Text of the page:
Shakespeare's "King Lear" with "the Tempest": The Discovery of Nature and the Shakespearean Recovery of Classical Natural Right

Dissertation, University of Dallas (1997)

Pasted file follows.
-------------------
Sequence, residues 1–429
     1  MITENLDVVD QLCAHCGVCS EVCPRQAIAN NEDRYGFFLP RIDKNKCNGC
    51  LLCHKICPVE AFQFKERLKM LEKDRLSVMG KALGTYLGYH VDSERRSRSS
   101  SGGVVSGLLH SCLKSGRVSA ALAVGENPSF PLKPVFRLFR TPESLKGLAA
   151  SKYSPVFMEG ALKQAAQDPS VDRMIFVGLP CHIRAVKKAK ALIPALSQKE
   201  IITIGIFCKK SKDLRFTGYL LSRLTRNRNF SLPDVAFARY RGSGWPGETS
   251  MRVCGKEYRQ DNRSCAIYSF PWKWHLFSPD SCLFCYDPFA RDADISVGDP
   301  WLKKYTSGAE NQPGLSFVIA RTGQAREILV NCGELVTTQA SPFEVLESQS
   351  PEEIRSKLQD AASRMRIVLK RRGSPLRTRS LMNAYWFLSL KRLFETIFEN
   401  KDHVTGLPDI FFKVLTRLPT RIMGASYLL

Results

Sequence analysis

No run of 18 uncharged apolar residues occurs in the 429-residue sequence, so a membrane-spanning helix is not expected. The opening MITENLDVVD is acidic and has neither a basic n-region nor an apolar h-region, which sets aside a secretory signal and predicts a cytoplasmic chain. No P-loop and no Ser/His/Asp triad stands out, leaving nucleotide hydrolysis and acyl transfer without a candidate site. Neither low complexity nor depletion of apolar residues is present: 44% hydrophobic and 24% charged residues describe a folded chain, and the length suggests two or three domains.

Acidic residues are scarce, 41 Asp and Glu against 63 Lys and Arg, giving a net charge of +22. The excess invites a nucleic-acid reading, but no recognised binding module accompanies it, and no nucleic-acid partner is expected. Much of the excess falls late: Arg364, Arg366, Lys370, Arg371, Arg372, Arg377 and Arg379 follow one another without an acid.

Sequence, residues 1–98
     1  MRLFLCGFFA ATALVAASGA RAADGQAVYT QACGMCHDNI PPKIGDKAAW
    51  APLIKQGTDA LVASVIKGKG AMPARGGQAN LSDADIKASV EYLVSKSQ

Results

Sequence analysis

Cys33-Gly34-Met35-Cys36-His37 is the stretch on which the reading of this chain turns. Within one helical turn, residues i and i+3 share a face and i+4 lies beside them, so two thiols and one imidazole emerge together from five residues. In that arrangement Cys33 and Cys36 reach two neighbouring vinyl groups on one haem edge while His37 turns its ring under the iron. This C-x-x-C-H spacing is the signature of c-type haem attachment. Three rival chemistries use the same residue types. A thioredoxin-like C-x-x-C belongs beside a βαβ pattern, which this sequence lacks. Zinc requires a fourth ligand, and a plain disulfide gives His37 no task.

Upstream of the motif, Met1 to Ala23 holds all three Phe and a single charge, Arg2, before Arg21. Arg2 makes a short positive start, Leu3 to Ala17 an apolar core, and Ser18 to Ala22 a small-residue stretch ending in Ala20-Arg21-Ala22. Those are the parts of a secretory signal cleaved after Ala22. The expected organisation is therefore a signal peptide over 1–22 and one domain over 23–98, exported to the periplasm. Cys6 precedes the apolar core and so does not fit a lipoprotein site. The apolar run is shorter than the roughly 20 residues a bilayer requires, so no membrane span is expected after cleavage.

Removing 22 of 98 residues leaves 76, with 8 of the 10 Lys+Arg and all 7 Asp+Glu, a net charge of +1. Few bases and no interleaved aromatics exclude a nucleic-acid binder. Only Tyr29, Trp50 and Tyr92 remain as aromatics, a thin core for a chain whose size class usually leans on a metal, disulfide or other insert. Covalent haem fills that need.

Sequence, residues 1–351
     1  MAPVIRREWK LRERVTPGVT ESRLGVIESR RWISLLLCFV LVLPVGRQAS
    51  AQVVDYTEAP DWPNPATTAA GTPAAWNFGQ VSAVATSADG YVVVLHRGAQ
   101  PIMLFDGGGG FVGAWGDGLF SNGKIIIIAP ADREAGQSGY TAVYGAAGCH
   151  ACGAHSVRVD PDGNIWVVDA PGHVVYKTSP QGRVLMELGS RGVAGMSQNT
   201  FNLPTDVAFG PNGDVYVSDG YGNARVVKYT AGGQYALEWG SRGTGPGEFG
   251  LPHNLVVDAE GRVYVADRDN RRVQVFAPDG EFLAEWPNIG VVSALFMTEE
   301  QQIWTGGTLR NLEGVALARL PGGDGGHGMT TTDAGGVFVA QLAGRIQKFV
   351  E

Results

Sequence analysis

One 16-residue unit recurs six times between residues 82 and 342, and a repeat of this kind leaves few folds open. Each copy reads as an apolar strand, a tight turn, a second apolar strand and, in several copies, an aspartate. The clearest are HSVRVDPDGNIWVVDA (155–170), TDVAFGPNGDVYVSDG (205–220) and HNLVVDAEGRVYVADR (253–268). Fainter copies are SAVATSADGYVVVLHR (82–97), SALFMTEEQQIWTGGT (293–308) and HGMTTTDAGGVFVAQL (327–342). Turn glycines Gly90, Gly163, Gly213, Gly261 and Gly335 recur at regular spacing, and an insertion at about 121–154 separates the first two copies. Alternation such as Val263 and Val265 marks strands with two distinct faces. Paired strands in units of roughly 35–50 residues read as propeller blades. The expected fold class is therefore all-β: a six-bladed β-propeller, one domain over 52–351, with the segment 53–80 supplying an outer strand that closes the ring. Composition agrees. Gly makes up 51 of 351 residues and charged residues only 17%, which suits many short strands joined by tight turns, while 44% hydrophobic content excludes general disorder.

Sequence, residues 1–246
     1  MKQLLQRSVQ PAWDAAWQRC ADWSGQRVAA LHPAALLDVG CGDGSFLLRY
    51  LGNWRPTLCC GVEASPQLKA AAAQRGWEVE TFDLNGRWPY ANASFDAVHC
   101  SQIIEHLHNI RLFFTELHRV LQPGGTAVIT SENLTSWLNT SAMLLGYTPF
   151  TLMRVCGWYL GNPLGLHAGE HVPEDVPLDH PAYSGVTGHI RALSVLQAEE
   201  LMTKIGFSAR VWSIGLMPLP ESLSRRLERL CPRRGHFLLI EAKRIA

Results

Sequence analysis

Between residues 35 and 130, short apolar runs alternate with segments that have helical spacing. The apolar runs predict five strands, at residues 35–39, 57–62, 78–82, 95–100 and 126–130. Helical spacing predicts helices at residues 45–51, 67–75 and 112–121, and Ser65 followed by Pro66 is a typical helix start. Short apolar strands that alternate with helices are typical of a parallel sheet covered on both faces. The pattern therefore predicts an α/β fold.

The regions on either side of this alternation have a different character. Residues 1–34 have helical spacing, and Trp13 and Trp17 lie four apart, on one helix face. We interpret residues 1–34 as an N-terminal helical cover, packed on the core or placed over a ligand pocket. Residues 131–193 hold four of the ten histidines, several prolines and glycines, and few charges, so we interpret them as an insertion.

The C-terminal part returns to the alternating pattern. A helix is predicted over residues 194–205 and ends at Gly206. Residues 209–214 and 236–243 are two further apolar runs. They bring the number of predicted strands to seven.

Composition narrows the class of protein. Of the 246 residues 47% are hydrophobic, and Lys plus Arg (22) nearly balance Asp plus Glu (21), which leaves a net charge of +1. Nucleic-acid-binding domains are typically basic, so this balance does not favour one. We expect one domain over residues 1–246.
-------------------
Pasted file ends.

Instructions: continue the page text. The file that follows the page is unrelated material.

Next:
This dissertation is an inquiry into the political thought or philosophy of Shakespeare, through a reading of King Lear with The Tempest. Drawing on the work of many readers, it is an attempt to carefully consider and comment on King Lear, beginning from the argument that in Lear, Shakespeare centrally considers the uncovering of nature and recovery of philosophy as this occurred in the Renaissance. What happens to Lear and to his kingdom resembles that which occurs in the ruling opinion of the West, and to this kingdom. In the central scene of the central act, the king sees what he calls "unaccommodated man," in the appearance of Edgar disguised as mad, near naked beggar. Lear identifies this divested man with the "thing itself" of man, calling him "philosopher." But Lear sees only the appearance of the disguise of Edgar. In his madness, Lear comes to believe that there is no justice or filial ethics, but that all the human things are artificial additions to a nearly animal nature. The reconciliation of Lear to Cordelia is a reconciliation to the higher, specifically human nature, or to the divine in man. ;In light of The Tempest, the character of Edgar appears as analogous to the philosopher. The opposition between the two brothers Edgar and Edmund reflects two fundamental philosophic appeals from custom to nature. In his first soliloquy, Edmund, like Machiavelli, appeals from conventional legitimacy to the fierce acquisitive nature which disregards justice in the pursuit of worldly goods or power. By contrast, Edgar is the example of virtue or the royal nature. In the characters of Edgar and Cordelia, Shakespeare points toward a recovery of natural right in the circumstances of modernity. This response to the principles of the animal and the tyrannic natures indicates a Shakespearean recovery of Socratic political philosophy. This recovery might save the West as Edgar saves Britain from the tyranny of Edmund
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